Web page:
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The Blue Book

Could it be magic?

The Blue Book
A L Kennedy
Jonathan Cape, 384pp, £16.99

Magicians, psychics and those who dabble in the paranormal exert a strange fascination over writers. In recent years, three of our most interesting female novelists have taken up the subject. Sarah Waters's Affinity dealt with dodgy Victorian spiritualists; Nicola Barker's Clear was built around the illusionist David Blaine's 44-day stint suspended in a glass box above the Thames; Hilary Mantel's Beyond Black told the story of a psychic who faked readings but was haunted by the ghosts of her childhood abusers.

There's something about the art of the illusionist that lies very close to the novelist's own. Both depend on smoke and mirrors, artful lies and a willing suspension of disbelief. The Blue Book, A L Kennedy's sixth novel, might move by turns through mystery, love story and comedy of shipboard manners, but its central subject is the transgressive, near-sexual pleasure of passing off fiction as fact.

Elizabeth Barber is embarking on a transatlantic cruise in the company of her dull and soon-to-be-seasick boyfriend, Derek, when she is accosted by a man in the queue. He performs a magic trick, one of the "think of a number" kind, and presents her at its conclusion with a book in which her number - seven - is printed on consecutive pages. Judging by her reaction, the incident seems inconsequential, if annoying, and only gradually does the reader realise their conversation has taken place in code.

The numbers are a language that Beth learned during her abortive career as a fake psychic, a way of communicating information in secret. She worked with a partner, Arthur Lockwood, "swapping and making the codes: the counting, the signals and the counter-signals - like kiss against kiss". An erotic activity, but also an exploitative one, preying on the bereaved and their hope for contact by way of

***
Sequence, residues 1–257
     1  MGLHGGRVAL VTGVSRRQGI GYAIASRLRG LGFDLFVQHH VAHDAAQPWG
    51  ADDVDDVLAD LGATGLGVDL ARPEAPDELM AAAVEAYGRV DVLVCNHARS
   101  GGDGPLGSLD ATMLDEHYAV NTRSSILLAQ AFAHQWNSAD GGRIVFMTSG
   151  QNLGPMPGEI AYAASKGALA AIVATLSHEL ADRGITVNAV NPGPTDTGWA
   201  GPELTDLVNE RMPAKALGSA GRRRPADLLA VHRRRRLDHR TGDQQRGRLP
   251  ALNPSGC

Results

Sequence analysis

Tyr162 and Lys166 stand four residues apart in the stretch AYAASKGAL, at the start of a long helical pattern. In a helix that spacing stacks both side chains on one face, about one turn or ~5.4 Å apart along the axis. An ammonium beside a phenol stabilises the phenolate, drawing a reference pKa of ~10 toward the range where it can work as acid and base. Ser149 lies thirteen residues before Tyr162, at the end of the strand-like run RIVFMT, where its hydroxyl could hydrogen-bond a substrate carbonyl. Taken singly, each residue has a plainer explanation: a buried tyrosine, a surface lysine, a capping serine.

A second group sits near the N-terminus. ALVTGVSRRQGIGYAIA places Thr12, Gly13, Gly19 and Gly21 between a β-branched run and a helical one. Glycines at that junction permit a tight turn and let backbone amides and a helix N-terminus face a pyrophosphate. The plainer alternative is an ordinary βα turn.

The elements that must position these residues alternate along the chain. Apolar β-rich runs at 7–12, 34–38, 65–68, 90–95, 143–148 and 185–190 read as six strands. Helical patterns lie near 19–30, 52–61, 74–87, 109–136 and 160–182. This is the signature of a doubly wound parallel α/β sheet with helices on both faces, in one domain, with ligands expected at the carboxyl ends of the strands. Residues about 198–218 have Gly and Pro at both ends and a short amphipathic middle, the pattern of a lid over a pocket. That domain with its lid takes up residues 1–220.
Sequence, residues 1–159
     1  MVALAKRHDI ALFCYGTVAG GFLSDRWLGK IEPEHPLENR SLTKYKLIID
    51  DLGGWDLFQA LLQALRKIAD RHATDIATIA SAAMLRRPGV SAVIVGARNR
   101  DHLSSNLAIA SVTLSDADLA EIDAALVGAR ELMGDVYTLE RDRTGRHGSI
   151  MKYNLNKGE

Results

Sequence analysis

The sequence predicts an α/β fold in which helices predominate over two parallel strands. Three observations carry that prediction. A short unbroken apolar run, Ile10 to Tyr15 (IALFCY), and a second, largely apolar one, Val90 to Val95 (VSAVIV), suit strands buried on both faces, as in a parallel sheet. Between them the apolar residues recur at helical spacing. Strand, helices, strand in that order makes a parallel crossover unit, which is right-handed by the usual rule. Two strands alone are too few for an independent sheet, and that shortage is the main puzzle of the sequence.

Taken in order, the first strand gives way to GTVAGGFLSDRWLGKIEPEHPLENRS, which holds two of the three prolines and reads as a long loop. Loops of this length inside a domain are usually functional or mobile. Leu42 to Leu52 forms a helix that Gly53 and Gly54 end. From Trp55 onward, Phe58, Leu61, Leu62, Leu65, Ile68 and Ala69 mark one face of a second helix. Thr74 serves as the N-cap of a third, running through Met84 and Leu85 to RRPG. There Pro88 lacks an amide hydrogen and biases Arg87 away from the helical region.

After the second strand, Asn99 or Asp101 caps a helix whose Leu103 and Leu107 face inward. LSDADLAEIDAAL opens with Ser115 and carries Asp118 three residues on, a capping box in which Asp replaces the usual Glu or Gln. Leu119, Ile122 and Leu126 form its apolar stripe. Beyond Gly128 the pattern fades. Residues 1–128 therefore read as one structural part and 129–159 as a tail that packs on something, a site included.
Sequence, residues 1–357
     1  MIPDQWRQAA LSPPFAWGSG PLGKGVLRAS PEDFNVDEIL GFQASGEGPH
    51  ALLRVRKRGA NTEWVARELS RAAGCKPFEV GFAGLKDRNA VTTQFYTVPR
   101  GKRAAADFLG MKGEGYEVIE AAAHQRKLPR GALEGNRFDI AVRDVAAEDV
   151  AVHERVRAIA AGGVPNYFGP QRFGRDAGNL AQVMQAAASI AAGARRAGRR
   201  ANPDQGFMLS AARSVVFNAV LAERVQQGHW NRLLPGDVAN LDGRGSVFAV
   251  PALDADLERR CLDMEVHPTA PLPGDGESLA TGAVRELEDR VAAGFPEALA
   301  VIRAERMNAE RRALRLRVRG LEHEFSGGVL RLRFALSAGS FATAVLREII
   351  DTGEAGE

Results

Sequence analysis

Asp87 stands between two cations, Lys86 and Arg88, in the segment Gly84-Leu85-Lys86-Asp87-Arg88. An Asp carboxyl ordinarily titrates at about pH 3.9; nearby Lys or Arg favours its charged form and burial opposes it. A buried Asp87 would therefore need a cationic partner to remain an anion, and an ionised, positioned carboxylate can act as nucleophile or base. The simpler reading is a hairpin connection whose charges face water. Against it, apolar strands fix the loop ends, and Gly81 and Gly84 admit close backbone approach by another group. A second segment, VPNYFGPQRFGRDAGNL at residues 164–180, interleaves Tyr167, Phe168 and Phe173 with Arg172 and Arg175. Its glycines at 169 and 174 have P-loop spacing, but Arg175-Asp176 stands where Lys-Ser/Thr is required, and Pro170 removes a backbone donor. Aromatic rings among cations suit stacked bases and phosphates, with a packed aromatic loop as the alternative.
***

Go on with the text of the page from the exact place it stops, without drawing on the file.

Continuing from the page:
what the man's found out since he arrived - this in the days before Facebook, Twitter, before lives were bent over for exploitation everyfuckingwhere.The man had to work for what he knows, gather overhearings and gossip and newspaper cuttings and In Memoriams and graveyard tours andaverages, statistics and guesses that are always educated.

“Everyfuckingwhere" is a characteristic locution. The narrative slips bonelessly between minds, catching waves of thought and turning repeatedly from irritation - "fuck you", "fuck off" - to sex. Much is written in a seductive, occasionally overbearing second person; the novel even opens by announcing itself as "your book", though the identity of "you" is saved for the end.

This insinuating tone gives Kennedy room to examine the moral ambiguity of the psychic's work. Lockwood, who has become very rich in Elizabeth's absence, is eager to justify his trade. In one scene, he recalls working with a Rwandan refugee whose husband was murdered. Maybe the service, which is free in such cases, could be seen as a benison, but the later revelation about how it is funded - by frightening widowed millionaires - makes it clear how exploitative his "counterfeit affection" is.

That does not mean he is incapable of affection. Structured as a compelling riddle, the faltering relationship between Arthur and Elizabeth includes some of the most unashamedly erotic writing since Nicholson Baker first contemplated a telephone receiver. But neither has passed through life unharmed, and, without giving away too much about their injuries, one must hope at the last that "nine" can be made to mean not "pain" but "meet me".

A more cynical writer might have been content with exposing the fraudulent, but Kennedy's interest in psychics seems to be what they tell us about the commonality of human loss. If there is no second sight, but merely close observation, the marvel lies in how far one person can see into another. Observing an unattractive crowd, Elizabeth reminds herself "that they can transcend themselves and blaze, astonish, be amazed . . . and, as repeatedly established, their hearts will be broken, perhaps more than once, and at some point they will cease to exist . . . these things are certain for them. So they can deserve only tenderness." Not everyone has a knack for seeing this way, and even fewer are capable of presenting it with Kennedy's risky, inventive integrity.

Olivia Laing's "To the River" is published by Canongate (£16.99)

This article first appeared in the 08 August 2011 issue of the New Statesman, Slum rule